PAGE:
Institutional Affiliation: Harvard University
|Do the Rich Save More?|
with , : w7906
The issue of whether higher lifetime income households save a larger fraction of their income is an important factor in the evaluation of tax and macroeconomic policy. Despite an outpouring of research on this topic in the 1950s and 1960s, the question remains unresolved and has since received little attention. This paper revisits the issue, using new empirical methods and the Panel Study on Income Dynamics, the Survey of Consumer Finances, and the Consumer Expenditure Survey. We first consider the various ways in which life cycle models can be altered to generate differences in saving rates by income groups: differences in Social Security benefits, different time preference rates, non-homothetic preferences, bequest motives, uncertainty, and consumption floors. Using a variety of instrum...
Published: Dynan, Karen E., Jonathan Skinner and Stephen P. Zeldes. "Do The Rich Save More?," Journal of Political Economy, 2004, v112(2,Apr), 397-444. citation courtesy of
|The Underrepresentation of Women in Economics: A Study of Undergraduate Economics Students|
with : w5299
Although women are underrepresented in the field of economics, many see little need for intervention, arguing that women are inherently less interested in economics, or are less willing or able to get the math skills skills needed to do well in the subject. At the same time, others support active efforts to increase the number of women in the field, citing other possible causes of their current underrepresentation. These people argue, for example, that women are deterred from entering the field because of a lack of female role models, or that women are discouraged by an unappealing classroom environment. This study assesses these hypotheses by examining factors that influence undergraduate students' decisions to become economics majors using a survey of students in the introductory econ...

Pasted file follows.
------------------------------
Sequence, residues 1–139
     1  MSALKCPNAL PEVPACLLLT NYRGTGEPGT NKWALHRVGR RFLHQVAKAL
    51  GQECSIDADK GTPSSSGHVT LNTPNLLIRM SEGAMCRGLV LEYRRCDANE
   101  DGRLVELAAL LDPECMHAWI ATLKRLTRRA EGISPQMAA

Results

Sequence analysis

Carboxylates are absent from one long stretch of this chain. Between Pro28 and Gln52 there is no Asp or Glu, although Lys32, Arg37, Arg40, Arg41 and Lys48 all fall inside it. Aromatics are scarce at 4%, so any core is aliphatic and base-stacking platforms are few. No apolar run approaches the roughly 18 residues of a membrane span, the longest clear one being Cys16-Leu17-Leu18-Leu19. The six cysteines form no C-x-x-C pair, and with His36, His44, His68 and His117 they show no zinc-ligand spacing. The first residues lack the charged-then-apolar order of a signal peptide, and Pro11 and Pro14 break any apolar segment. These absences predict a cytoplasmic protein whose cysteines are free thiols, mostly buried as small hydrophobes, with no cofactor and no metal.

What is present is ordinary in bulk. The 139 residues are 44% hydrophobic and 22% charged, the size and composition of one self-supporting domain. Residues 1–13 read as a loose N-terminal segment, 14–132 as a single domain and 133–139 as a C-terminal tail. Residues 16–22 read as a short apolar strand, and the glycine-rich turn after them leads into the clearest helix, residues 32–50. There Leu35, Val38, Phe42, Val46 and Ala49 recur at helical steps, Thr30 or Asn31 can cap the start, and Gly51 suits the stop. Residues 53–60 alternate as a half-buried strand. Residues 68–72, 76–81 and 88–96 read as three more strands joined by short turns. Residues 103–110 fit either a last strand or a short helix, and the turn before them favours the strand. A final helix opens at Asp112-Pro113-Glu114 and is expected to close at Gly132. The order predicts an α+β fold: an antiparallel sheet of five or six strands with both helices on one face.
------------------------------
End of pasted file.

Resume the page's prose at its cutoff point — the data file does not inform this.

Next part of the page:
Published: The Journal of Economic Education, Vol. 28, no. 4 (Fall 1997): 350-368.